• 5 grams FRM-52 starter culture, or T-SPX culture
  • Hog casings, preferably 38-42 mm wide casings

Instructions 

  • Start by setting out 1/2 to 2/3 pound of the pork and dicing it fine. I like doing this because it varies the grind within the sausage from very fine to chunky. To me, this is more interesting. You can run it all through the grinder if you prefer, or if you think someone will get all crazy if they see big pieces of fat in their salami. Cut the remaining fat and meat into chunks that will fit into your grinder. Trim as much sinew and silverskin as you can.
  • Put both the diced and chunked fat into separate containers in the fridge. Mix the salt with the meat and put it in the fridge overnight. This helps develop myosin, which will give you a tighter bind when you stuff the links later.
  • The next day, put the fat and your grinding equipment -- blade, coarse and fine die, etc -- in the freezer. Mix the Instacure, garlic and half the black pepper into the meat. Put that in the freezer, too. Let everything chill down until the meat hits about 28°F or so. It won't freeze solid because of the salt. Normally this takes about 90 minutes. While you're waiting, soak about 15 feet of hog casings in a bowl of warm water, and put the red wine in the fridge.
  • When the meat and fat are cold, take them out and mix together, but keep the diced fat separate for now. Grind 1/2 to 2/3 of the mixture through the coarse die of the grinder. Grind the rest through the fine die. I do this to vary my grind, which makes for a better texture in my opinion. Sometimes I do 3/4 fine and 1/4 coarse, depending on my mood. The key is variability.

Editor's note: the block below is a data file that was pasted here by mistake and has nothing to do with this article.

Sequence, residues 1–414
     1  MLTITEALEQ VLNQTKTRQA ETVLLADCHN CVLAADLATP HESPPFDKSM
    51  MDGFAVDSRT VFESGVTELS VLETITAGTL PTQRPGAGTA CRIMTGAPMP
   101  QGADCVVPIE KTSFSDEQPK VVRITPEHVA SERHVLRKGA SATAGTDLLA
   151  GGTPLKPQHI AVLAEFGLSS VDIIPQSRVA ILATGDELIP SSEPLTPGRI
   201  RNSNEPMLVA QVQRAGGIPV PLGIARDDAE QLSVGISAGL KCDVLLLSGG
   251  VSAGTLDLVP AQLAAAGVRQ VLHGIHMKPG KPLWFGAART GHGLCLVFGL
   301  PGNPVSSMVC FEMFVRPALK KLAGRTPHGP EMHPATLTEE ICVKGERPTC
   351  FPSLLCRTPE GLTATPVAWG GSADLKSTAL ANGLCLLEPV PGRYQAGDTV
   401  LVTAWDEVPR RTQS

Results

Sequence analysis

• Put the meat and fat back in the freezer while you clean up. Dissolve the starter culture in with the distilled water.
  • When the meat mixture is back below 35°F, you can mix it. I put the mixture into a big plastic bin with the diced fat, the remaining black pepper, the red wine and the starter culture mixture and mix it by hand for about 2 to 3 minutes. If you do this, you'll know the mixture's cold enough if your hands ache from the chill. Or, you can put everything into a big stand mixer and mix on low for 90 seconds to 2 minutes. I prefer to mix by hand.
  • Put the sausage in the fridge while you clean up. Run some clean water through your casings to flush them and to see if you have any leaks. Cut lengths of casing of about two feet to 30 inches and set all but one back in the water. Thread the one onto your sausage stuffer.
  • Pack the sausage into your stuffer and get ready to make the salami. Leave 4 to 6 inches of casing hanging from the edge of the stuffer as a "tail;" you'll use this to tie off the salami in a bit. Start working the meat into the casing, using your fingers to flush any air out of the casing and to regulate the flow. I prefer straight links of about 10 inches to a foot. Remove the link from the stuffer and repeat with the remaining casings and sausage.